More particularly, it has gained popular use in the production of ice cream as it controls ice crystal growth and meltdown. In addition, it adds a good mouthfeel. It doesn’t just enhance the quality of ice cream, it provides bakery products a softer consistency, increases moisture retention and prolongs shelf life. In beverages, Tara gum adds viscosity and clarifies the liquid. In jams, jellies, and fillings, it reduces syneresis (gel separation), suspends fruits, and improves mouthfeel.
Tara gum is used to regularly to improve the following foods and drinks:
|dehydrated foods||ice cream||mousses|
|salad dressing||cocoa-based drinks||yogurt|
|mustard pickles||bread||fruit juices|
Tara Gums Use the Kitchen
Tara gum outperforms current natural thickeners on the market in terms of thickening and texture. It immediately and rapidly hydrates in water. The powder can be added to the oily or aqueous phase, in either hot or cold conditions, while stirring rapidly until it is completely dispersed.
Tara gum can be used in place of guar gum. It is smooth and more natural whereas guar gum’s flow characteristic is more plastic-like. Guar gum tends to lead to stringy drips and doesn’t flow smoothly. The structure of Tara gum is smooth and soft whereas, Guar gum can have a slimy texture in some applications.
Using Tara gum in combination with Xanthan gum or carrageenan can form a very soft gel structure. Tara gum is odorless and tasteless while guar gum has an unpleasant odor and taste. The flavor release of Tara gum is better than guar gum.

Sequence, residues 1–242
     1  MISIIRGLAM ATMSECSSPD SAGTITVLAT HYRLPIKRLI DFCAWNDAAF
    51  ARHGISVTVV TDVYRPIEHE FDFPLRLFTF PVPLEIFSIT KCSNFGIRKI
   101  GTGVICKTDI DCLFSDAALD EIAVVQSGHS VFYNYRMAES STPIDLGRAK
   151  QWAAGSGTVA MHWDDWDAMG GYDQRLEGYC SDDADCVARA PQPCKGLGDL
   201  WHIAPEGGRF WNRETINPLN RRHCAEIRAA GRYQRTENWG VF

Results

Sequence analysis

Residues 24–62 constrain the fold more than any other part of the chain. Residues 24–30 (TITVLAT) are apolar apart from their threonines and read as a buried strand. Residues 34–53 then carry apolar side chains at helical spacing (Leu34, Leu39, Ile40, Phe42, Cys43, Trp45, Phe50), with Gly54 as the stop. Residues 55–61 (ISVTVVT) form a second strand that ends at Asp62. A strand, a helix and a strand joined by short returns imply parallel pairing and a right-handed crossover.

How Much to Use
Using Tara gum is like using guar gum. Add it cold to liquids or dry ingredients. Once used, most prefer it to guar gum.
The amount to be used depends on the thickness you want to obtain. The recommended amount ranges between one half to two percent.
- Ice cream, yogurt, beverages, milk, and sorbets - 0.05% to 0.15%
- Sauces and soups - 0.1% to 0.5%
- Desserts, puddings, marmalades, and creams - 0.05% to 0.2%
- Bakery products - 0.3% to 0.5%
Tara Gum Purity
Food grade Tara gum provides food manufacturers with many advantages in many different applications. Tara gum is natural and organic. It is generally recognized as halal. It has met all the “kashruth” requirements and can be certified as kosher. it is gluten free according to the FDA’s definition as Tara gum does not contain wheat, rye, barley, or crossbreeds of these grains. Tara gum is vegan, too. Tara gum is a vegetable gum which is sourced from the Tara tree seeds and the manufactured without the use of animal matter or products derived from animal origin.
Tara gum is used as a thickening and stabilizer ingredient in many food applications. Tara gum is less viscous than a guar gum of the same concentration, but more viscous than a solution of locust bean gum. It tends to resist resists the break down into monomers or other smaller units down to a pH of 3.5. Blends of Tara gum with modified and unmodified starches can be produced which have enhanced stabilization and emulsification properties, and these are used in the preparation of convenience foods, such as ice cream.
Tara gum can be easily found online for purchase in your own kitchen.
With kind regards,
- Chef Edmund